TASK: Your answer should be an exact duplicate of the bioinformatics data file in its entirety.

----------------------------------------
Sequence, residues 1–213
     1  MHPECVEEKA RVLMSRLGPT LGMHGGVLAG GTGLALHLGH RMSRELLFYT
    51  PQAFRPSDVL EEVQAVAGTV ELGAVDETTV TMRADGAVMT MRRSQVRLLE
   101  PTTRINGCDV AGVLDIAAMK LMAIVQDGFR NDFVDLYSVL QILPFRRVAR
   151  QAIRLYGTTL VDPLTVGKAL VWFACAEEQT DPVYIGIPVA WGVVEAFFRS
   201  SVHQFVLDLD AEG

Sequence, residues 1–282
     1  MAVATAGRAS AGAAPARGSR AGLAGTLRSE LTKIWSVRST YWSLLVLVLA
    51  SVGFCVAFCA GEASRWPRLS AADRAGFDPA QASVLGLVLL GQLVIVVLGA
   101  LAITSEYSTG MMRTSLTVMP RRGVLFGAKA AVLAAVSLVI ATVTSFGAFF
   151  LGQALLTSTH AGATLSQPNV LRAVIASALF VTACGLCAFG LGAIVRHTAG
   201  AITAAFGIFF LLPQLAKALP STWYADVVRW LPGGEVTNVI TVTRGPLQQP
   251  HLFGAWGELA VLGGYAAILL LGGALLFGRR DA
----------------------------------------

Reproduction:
Sequence, residues 1–213
     1  MHPECVEEKA RVLMSRLGPT LGMHGGVLAG GTGLALHLGH RMSRELLFYT
    51  PQAFRPSDVL EEVQAVAGTV ELGAVDETTV TMRADGAVMT MRRSQVRLLE
   101  PTTRINGCDV AGVLDIAAMK LMAIVQDGFR NDFVDLYSVL QILPFRRVAR
   151  QAIRLYGTTL VDPLTVGKAL VWFACAEEQT DPVYIGIPVA WGVVEAFFRS
   201  SVHQFVLDLD AEG

Sequence, residues 1–282
     1  MAVATAGRAS AGAAPARGSR AGLAGTLRSE LTKIWSVRST YWSLLVLVLA
    51  SVGFCVAFCA GEASRWPRLS AADRAGFDPA QASVLGLVLL GQLVIVVLGA
   101  LAITSEYSTG MMRTSLTVMP RRGVLFGAKA AVLAAVSLVI ATVTSFGAFF
   151  LGQALLTSTH AGATLSQPNV LRAVIASALF VTACGLCAFG LGAIVRHTAG
   201  AITAAFGIFF LLPQLAKALP STWYADVVRW LPGGEVTNVI TVTRGPLQQP
   251  HLFGAWGELA VLGGYAAILL LGGALLFGRR DA